Computerized strike zone to be tested in Calif. independent league

Tuesday July 28th, 2015

A California independent league will take part of the human element out of baseball when it uses a computer to call balls and strikes starting with a game on Tuesday night.

The San Rafael Pacifics, of the Pacific Association of Professional Baseball Clubs, will use the automated technology in two games Tuesday and Wednesday against the Vallejo Admirals at their home stadium. A regular umpiring crew will be on hand to make other calls that do not relate to the strike zone.

Pitchf/x will use three cameras to record the location and trajectory of each pitch as it crosses the plate.

The same technology has been used by Major League Baseball television broadcasts to show viewers whether a pitch is a ball or strike. It is currently installed in every MLB stadium and is used primarily for analysis and evaluation purposes.

Former major league player Eric Byrnes will be the “strike-zone umpire.” He will oversee the computer and use a microphone to call out the balls and strikes to the teams and fans. He plans on donating $100 to the Pat Tillman Foundation for every walk and strikeout during both games and will donate $10,000 if he ejects a player for arguing calls.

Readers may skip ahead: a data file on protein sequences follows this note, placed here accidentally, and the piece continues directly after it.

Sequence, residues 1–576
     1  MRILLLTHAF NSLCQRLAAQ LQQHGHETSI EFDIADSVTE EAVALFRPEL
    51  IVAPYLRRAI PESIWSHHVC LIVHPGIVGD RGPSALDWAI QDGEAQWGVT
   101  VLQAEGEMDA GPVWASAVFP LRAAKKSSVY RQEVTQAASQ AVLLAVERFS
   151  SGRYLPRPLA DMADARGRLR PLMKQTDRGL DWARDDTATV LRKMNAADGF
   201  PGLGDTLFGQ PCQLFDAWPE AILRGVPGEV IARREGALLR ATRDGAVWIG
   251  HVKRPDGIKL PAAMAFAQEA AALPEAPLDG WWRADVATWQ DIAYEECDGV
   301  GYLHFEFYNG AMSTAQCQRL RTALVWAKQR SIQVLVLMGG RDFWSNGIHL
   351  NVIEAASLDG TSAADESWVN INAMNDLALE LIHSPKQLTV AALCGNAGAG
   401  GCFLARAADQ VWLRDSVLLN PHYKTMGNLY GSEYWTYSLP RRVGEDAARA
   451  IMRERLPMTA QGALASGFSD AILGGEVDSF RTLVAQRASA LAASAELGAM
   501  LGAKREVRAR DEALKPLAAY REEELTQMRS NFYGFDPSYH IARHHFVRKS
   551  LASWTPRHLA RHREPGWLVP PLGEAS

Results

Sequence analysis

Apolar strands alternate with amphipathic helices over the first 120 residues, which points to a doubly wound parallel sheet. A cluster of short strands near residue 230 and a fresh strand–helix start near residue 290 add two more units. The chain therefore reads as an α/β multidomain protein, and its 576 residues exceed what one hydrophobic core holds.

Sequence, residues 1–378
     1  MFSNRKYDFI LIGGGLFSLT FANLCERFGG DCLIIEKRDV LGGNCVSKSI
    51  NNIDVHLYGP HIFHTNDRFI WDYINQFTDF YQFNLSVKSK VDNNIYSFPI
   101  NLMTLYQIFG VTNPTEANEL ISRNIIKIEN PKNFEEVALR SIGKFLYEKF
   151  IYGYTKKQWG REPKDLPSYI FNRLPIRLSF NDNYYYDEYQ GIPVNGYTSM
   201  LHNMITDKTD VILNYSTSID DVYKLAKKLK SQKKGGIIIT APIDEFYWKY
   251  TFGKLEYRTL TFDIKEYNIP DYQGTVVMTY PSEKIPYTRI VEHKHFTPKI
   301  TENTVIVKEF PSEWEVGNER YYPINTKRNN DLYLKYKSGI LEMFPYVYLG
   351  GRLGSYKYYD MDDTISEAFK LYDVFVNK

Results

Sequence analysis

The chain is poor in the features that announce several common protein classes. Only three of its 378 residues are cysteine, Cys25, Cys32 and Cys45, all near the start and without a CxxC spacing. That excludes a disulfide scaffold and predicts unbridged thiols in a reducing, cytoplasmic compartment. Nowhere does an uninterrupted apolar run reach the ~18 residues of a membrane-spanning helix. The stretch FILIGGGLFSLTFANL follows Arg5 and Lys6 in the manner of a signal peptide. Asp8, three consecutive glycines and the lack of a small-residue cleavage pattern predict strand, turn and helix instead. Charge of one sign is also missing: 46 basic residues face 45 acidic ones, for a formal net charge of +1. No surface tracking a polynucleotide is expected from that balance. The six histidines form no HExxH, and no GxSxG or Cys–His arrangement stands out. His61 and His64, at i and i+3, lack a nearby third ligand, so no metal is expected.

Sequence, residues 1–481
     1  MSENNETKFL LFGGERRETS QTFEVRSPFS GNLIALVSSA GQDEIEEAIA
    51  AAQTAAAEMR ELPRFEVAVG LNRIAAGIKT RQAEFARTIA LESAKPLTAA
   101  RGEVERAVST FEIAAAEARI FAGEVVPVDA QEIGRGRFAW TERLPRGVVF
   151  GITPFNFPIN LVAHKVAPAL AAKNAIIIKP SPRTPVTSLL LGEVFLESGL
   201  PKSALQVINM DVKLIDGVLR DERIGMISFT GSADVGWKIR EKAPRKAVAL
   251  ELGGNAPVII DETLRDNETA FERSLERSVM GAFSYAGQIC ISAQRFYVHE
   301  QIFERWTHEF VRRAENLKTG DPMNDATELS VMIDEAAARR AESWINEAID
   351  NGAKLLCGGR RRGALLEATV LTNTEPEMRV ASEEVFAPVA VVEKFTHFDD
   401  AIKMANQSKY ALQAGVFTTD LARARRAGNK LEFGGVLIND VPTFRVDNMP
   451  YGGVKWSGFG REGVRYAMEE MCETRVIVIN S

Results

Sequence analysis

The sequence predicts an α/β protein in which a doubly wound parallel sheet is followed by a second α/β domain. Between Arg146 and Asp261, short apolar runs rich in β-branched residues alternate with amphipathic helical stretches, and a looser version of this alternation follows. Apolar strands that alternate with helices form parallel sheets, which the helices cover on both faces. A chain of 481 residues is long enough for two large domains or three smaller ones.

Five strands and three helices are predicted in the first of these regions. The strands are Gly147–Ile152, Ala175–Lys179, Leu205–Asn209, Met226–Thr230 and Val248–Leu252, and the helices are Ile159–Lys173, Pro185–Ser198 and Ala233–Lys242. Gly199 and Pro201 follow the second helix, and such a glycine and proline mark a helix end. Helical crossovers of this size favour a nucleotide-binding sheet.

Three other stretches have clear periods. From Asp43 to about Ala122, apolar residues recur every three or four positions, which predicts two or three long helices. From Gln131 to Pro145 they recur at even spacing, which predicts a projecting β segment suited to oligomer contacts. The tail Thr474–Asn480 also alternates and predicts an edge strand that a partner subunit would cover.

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“I have been pushing for a computerized strike zone for years,” Byrnes said to the Associated Press. “Just like instant replay was, it is long overdue. Very much looking forward to seeing how the entire process unfolds. I truly believe we are very close to seeing it implemented in the big leagues, just a matter of time.”

Though Byrnes is confident that the technology will make its way to the Major Leagues eventually, others are not so sure.

“I think we are a ways away from...using technology to call balls and strikes. I really do,” MLB Commissioner Rob Manfred said to the AP. “It's because of speed. It's because of technology limitations. It's because quite frankly, the strike zone is different for every single guy.”

“I have a hard time seeing that ever happen,” Toronto manager John Gibbons added. “It'll give somebody a wild idea, though. I guess nobody ever figured they'd see replay, so who knows.”

- Scooby Axson

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